Spread of assorted nuts in and around a bowl, overlayed with the title " Dining out with food allergies"

How chefs can make it easier for customers to eat out with a food allergy

The Food Standards Agency (FSA) estimates that 2 million people in the UK are living with a diagnosed food allergy.

These allergies usually have no cure, so the only way to manage a condition is to follow a strict diet. That’s why customers need to know they can trust those serving them food when eating out with a food allergy.

For those of us working in the catering and hospitality industries, this is not something to be taken lightly. A series of high-profile cases in recent years highlight just how precarious our line of work can be -- and how carelessness can have tragic consequences. Simply put, if we do not keep stock of our ingredients, we could be dicing with disaster.

Allergic reactions to food can range from aggravating to life-threatening, so it’s important to take a careful approach to every ingredient that you use in your kitchen.

Though it may seem like a pain, ensuring your kitchen is allergy-friendly outweighs having a guilty conscience and potential prison term if things go wrong.

The right way to cater to customers with food allergies

Today,  many people have food allergies, so it’s likely that you’ll get customers who inform waiting staff they have an allergy when they arrive at your restaurant or dining room.

If a customer asks whether a meal on your menu contains a certain food, check all the ingredients within the dish. Let them know which ingredients you use to cook the dish, as well as those used to thicken the sauce and make a garnish or salad dressing (even the oil you cook it in).

It’s a good idea to keep copies of your allergens list in handy places to help save you time and make you look more professional. Always respond with 100% certainty and never guess.

If you cook with or serve any ready-made food or drink, make a record of it. Separate and label all the different foods you use to help keep track of things.

Give detailed information in the name or description of dishes on the menu, especially if they include the potential allergens such as nuts or sesame seeds. Remember to update the menu when recipes change, as this will allow people with certain allergies to spot which dishes contain which food.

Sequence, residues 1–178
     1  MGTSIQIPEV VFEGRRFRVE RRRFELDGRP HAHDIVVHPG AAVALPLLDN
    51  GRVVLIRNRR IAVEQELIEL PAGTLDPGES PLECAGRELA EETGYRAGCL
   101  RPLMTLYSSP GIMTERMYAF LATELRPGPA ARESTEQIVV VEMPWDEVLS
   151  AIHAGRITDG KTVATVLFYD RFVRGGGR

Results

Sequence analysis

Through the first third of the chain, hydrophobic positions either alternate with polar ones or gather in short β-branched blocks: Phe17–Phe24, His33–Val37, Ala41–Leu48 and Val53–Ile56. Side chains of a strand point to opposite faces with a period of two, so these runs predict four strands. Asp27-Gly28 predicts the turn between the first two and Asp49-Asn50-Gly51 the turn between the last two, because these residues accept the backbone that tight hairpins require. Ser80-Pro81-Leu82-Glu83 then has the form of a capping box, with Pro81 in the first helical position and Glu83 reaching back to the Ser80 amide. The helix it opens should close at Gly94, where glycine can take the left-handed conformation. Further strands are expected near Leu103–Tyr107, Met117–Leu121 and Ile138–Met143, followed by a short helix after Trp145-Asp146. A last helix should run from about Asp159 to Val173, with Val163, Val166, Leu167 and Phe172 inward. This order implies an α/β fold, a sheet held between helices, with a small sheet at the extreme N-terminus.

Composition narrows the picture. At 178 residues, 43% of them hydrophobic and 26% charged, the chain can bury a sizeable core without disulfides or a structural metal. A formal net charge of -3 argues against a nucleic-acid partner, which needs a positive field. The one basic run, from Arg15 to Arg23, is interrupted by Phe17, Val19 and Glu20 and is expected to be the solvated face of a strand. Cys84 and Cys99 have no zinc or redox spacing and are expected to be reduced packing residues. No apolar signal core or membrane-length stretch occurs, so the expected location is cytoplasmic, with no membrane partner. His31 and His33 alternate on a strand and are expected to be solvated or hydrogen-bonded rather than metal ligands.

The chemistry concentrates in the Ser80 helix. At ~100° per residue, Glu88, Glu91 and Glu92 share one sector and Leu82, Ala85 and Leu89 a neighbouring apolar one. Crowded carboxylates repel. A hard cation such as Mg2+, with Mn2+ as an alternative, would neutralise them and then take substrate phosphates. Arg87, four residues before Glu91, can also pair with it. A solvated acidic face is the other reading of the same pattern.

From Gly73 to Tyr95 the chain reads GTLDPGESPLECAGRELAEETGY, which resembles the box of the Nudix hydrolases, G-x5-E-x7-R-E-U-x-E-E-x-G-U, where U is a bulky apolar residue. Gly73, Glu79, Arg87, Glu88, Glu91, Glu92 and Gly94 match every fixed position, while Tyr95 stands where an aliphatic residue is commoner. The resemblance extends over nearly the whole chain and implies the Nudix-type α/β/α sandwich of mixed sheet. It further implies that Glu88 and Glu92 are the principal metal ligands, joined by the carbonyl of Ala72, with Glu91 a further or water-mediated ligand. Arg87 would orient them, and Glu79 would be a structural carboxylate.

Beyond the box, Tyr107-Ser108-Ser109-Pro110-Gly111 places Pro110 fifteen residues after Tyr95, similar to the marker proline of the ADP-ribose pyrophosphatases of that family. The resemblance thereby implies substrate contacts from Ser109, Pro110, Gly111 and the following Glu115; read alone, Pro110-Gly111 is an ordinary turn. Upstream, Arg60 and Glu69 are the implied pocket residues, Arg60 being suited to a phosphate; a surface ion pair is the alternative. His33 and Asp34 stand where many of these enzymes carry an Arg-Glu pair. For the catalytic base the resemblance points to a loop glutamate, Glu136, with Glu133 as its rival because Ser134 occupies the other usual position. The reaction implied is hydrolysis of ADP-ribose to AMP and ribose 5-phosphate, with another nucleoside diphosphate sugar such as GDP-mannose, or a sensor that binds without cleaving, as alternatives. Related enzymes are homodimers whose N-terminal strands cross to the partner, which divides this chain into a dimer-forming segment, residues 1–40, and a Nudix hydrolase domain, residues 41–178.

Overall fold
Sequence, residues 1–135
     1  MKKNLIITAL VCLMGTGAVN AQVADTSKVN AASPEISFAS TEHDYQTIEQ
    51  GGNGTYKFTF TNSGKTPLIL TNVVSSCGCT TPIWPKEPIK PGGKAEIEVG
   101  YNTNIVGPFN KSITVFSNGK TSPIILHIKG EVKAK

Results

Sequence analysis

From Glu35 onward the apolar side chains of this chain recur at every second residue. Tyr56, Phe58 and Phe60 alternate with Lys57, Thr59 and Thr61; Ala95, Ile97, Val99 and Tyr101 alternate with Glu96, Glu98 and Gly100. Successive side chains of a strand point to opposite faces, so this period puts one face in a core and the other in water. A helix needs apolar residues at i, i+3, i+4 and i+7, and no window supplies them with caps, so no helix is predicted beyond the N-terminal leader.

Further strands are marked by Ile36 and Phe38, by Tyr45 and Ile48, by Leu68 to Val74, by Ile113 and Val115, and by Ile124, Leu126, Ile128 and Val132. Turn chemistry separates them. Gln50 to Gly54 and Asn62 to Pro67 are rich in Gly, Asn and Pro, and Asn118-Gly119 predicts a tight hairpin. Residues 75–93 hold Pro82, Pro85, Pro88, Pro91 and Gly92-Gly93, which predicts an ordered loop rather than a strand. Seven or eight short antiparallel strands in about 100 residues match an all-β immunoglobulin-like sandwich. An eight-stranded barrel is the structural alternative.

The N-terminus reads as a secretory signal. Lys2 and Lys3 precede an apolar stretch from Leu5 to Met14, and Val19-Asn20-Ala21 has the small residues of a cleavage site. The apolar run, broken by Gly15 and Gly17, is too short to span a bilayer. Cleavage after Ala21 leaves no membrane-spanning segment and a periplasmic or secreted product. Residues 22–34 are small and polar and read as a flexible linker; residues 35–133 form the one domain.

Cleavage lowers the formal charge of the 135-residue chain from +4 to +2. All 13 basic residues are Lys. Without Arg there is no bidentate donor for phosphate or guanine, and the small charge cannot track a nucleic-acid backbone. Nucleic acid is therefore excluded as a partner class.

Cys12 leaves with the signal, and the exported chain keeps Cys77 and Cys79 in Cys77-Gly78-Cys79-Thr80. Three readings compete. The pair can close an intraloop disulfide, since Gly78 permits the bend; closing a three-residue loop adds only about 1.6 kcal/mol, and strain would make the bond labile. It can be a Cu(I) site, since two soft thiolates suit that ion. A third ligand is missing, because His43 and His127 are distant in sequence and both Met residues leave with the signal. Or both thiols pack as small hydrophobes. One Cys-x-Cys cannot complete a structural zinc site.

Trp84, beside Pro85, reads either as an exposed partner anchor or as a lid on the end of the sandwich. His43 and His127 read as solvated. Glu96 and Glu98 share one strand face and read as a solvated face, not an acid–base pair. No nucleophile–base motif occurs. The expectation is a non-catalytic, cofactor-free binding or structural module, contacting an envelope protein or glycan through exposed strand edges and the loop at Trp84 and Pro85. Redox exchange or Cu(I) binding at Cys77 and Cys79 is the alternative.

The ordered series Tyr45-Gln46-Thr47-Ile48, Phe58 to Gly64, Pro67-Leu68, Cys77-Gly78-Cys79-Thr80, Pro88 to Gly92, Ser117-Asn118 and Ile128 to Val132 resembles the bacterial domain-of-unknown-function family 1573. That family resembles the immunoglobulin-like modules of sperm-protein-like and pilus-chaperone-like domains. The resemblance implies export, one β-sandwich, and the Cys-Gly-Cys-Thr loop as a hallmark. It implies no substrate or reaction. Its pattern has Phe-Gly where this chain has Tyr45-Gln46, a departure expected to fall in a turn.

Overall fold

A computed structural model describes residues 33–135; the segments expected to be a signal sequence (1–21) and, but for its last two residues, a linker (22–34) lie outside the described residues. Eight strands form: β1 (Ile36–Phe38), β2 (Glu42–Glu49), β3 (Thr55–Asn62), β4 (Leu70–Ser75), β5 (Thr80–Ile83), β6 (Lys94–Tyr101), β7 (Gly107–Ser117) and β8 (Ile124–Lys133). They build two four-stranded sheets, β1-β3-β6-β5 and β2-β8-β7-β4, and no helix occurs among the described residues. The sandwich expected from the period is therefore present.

Some customers who have prepared ahead may give you “chef cards” that list the foods they are insensitive to. Many of you will already use these, but if not, you can see what an allergy chef card looks like here.

Being aware of contamination

Even if all the foods you use are properly labelled and you have adequately relayed allergen information to the customer, it’s still possible for cross-contamination to occur in food preparation. Contamination is likely in; 

  • fried foods (reused oil in deep fat fryers)
  • grilled foods (meat & fish contamination)
  • salad station (if you don’t change gloves/bowls/utensils)

Separate kitchen utensils, pots, pans and chopping boards should be used to prepare your meal. Most kitchens have designated equipment for this purpose.

If you’ve been asked to specially prepare a dish that does not contain a certain food, make sure work surfaces and equipment have been thoroughly cleaned first. Make sure your team wash their hands thoroughly before preparing the dish to avoid cross-contamination.

Which ingredients can cause a problem?

The Food Standards Agency introduced laws which require wine bars, cafes and restaurants to:

  • provide allergen information to the customer for both pre-packed and non-prepacked food or drink
  • handle and manage food allergens adequately
  • specify if the food contains any ingredients that appear in the EU’s fourteen ‘top allergens’ list.

Below are the top fourteen food allergens. Often these ingredients can be integral components of some of your recipes, so we’ve provided alternatives that you can use instead of the allergen.

1) Nuts

Found in sauces, desserts, crackers, bread, ice cream, marzipan, ground almonds, and nut oils.